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Give your home the star treatment

Energy efficient home tips

Guest article | 24 August 2013

Energy efficiency - Stock Photo

Building an energy efficient home has numerous benefits

one of which is comfort and warmth regardless of the season...

Building an energy efficient home has numerous benefits, one of which is comfort and warmth regardless of the season with reduced waste. Whether you're renovating or building from scratch, there are a wide range of energy saving methods and materials you can use to reduce your home's impact on the planet and your pocket.


The overall design of your home can have a big impact on how energy efficient it is. If possible, take these points into account during the design process:

  • The longest wall of your home should ideally be aligned east to west, with the main living area pointing north. This allows maximum sunlight exposure in the winter months.
  • If the north facing portion of your house has windows covering up to 60 percent of it, the south wall 30 percent coverage, the east 15 percent and the west between zero and the south wall 7 percent, you will maximise capture of sunlight.
  • Horizontal shading or awnings can provide shade in the summer months, and these should be primarily focused on the north facing window.


Heating is a particularly challenging element for energy saving homes, because in the winter months it can get very cold. If you've followed the design rules listed above, you'll maximise the amount of heat your home gets during the winter. These additional tips will also help you retain heat:

  • Draughts can account for 25 percent of heat loss during the winter, so minimising them is an excellent way to keep your home warm. Seal any cracks in walls, ceilings, floors and doors, unused fireplaces and superfluous vents where heat can escape – particularly during the winter months. However, please check with a professional if you use a gas heater.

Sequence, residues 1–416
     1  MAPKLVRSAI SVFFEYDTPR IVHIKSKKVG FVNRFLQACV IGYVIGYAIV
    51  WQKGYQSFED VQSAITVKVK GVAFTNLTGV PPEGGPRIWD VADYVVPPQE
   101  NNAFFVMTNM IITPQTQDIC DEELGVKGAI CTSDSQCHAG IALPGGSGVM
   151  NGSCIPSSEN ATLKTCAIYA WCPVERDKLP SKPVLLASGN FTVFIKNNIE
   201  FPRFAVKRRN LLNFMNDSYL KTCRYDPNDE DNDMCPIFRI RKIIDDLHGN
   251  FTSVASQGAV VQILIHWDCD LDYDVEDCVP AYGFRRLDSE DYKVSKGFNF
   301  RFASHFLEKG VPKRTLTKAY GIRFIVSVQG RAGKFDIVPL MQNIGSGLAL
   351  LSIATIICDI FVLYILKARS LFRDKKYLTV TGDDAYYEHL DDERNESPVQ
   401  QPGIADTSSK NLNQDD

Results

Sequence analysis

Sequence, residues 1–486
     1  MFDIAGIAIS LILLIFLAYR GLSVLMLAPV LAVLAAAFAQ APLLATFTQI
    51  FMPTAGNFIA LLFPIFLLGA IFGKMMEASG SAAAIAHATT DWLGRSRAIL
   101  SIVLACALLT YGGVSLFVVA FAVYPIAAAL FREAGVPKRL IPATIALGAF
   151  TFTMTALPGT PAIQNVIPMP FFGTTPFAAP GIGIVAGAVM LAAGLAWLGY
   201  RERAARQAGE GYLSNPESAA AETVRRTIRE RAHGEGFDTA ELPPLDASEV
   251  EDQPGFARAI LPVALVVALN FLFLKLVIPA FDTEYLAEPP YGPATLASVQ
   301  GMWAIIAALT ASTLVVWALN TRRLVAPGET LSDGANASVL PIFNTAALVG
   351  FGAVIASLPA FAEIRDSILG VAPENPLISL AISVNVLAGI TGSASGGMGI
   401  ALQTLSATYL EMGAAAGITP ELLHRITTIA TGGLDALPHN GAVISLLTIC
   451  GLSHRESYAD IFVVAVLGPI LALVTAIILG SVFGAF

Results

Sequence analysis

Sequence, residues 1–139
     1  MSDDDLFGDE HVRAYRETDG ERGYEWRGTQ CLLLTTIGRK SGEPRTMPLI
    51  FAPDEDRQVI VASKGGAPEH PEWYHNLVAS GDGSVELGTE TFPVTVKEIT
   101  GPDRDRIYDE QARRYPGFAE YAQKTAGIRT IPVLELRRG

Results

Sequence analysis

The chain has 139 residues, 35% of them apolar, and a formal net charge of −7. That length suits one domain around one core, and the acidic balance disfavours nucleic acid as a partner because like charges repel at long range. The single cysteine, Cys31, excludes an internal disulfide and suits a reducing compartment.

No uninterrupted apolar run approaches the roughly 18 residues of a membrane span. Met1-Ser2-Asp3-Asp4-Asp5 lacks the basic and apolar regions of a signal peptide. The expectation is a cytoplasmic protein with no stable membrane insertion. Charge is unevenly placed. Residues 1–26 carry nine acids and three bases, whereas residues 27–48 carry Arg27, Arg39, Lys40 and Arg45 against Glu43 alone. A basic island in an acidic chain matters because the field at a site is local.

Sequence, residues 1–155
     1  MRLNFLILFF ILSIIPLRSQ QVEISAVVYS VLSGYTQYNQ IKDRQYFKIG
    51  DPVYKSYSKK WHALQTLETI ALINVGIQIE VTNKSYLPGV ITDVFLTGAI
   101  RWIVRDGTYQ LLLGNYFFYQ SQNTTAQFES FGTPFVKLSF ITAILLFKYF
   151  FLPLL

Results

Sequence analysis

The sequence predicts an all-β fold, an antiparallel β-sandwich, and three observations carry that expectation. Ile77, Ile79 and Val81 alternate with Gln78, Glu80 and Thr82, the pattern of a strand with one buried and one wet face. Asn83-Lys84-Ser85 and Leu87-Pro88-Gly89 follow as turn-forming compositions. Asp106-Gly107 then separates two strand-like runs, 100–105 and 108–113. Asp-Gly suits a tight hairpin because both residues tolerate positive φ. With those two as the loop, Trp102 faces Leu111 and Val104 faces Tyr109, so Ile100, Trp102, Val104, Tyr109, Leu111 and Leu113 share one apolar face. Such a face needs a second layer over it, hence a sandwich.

• Combining a curtain rail with a pelmet reduces heat loss as these block the gap behind the curtain rail so hot indoor air doesn't come into contact with the cold window and lose heat.


Insulation is integral to regulating your home's temperature in both summer and winter. The majority of the heat your home loses will be through the roof, so if you have to prioritise one area that should be it.

  • Learn about the different types of insulation. Generally speaking, you can use bulk insulations, which is much more common, to provide benefits in all seasons. Reflective foil insulation is good for reflecting heat, but can only do so in one direction, so it usually has to be combined with bulk insulation. Check R-values. The “R” value of insulation tells you how well it resists heat; the higher the value the better the heat resistance. These are generally grouped into and “up” value (good for winter) and a “down” value (for summer), so ask about both before buying insulation. As an example, in Adelaide, you're recommended to have a 3.2 R value insulation for your roof and 1.9 for your walls.


Several new and classic materials have huge advantages for an energy saving home, including:

  • Eco cement: This is cement with additional insulating properties, making it both a structural and thermal advantage. After over 60 years in existence, its benefits are just being realised.
  • Scrap steel: Scrap steel is recycled and made available for cheaper than if you were to buy new. You can make a recycled steel frame for a 186 square metre home from six recycled cars, compared to around 45 trees if you were to make it from wood.